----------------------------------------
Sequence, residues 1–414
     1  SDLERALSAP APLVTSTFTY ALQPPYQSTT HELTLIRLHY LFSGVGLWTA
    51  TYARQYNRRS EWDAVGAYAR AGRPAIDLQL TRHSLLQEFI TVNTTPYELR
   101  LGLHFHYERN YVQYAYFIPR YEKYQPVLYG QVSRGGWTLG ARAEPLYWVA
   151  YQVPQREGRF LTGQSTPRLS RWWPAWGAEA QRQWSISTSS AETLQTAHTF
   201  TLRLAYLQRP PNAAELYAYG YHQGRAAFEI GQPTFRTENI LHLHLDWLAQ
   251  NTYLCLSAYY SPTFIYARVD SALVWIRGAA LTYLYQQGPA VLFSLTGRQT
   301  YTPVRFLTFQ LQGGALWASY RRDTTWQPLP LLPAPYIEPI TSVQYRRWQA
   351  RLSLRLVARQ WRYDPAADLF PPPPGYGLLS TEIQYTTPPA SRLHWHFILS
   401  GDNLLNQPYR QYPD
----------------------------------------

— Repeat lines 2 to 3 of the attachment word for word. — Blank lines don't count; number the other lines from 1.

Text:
     1  SDLERALSAP APLVTSTFTY ALQPPYQSTT HELTLIRLHY LFSGVGLWTA
    51  TYARQYNRRS EWDAVGAYAR AGRPAIDLQL TRHSLLQEFI TVNTTPYELR